Have you ever found yourself thinking, “The programmatic trading space would be a lot more efficient if ad servers allowed a variety of exchanges and demand partners to hook directly in on a server level”? Sure you have, and some ad servers do—just not the most popular one.

Doubleclick for Publishers initially only boasted an S2S link to its demand-side cousin, Google’s Ad Exchange—a fracas that gave launch to the wide adoption of header bidding. (Should we thank them for accidentally moving the industry forward?) In response to the header insurgency, last year Google opened up its server-to-server program (Exchange Bidding in Dynamic Allocation, aka EBDA) to an array of exchanges and demand partners.

Certainly EDBA will severely slash the latency issues of header bidding, but there are questions about the Google program such as: will there be a per-bid fee? What data (think cookies) are passed to the demand partners? Is EBDA a mediation platform? And so on and so on…

Tech and product review site Purch recently built out its own network of server-to-server connections, but such an enterprise requires developmental resources many publishers don’t have and are not willing to pay for.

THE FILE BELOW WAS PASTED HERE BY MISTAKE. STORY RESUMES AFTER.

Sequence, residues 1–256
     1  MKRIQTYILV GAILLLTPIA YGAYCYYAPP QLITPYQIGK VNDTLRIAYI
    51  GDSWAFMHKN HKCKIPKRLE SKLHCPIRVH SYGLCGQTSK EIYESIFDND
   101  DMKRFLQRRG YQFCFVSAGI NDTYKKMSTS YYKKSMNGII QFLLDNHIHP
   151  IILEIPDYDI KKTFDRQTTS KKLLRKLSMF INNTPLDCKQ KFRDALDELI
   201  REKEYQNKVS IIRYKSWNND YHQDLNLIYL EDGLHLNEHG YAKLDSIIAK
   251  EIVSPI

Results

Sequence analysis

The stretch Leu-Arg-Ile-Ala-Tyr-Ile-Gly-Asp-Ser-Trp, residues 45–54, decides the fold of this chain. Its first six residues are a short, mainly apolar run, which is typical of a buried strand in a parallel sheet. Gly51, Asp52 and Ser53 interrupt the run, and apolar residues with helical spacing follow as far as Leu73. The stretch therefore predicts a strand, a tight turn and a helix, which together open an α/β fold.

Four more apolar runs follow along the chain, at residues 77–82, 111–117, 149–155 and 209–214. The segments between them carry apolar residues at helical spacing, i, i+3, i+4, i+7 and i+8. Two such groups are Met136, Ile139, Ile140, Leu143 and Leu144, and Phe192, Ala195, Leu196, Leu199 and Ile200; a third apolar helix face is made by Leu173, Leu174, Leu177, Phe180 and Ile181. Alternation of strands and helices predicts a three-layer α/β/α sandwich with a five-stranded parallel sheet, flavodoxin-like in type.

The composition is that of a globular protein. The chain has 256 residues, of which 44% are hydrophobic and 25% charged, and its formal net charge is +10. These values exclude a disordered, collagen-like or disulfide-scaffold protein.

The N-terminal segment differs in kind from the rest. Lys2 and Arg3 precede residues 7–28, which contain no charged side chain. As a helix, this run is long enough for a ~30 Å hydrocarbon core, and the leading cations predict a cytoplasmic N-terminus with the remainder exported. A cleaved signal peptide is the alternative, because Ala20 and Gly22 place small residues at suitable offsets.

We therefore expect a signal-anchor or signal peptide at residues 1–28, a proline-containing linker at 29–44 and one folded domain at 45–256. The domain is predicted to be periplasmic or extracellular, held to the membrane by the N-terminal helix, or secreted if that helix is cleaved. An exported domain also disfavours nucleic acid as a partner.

There’s gotta be another way! Well, yeah—why not take the best of both worlds and have a header-based S2S? 

Instead of holding an auction in the browser, a header integration zips off user data (reportedly in less than a hundredth of a millisecond) to a third-party server where the auctions are held. Then the server zips the results right back to the header where it’s sent down to the ad server. Latency? Never heard of it.

But as Ad Ops Insider Ben Kneen pointed out in a wonderful overview of header-based S2S, scale is the real promise of S2S. Your demand partners are ultimately limited in the browser by the queue—10 simultaneous actions, 6 per host in Chrome. Even with single-request bid architecture, your header bidding is going to max out at a certain number of partners; with S2S, theoretically you can keep on adding demand sources till your S2S partner begs you to stop.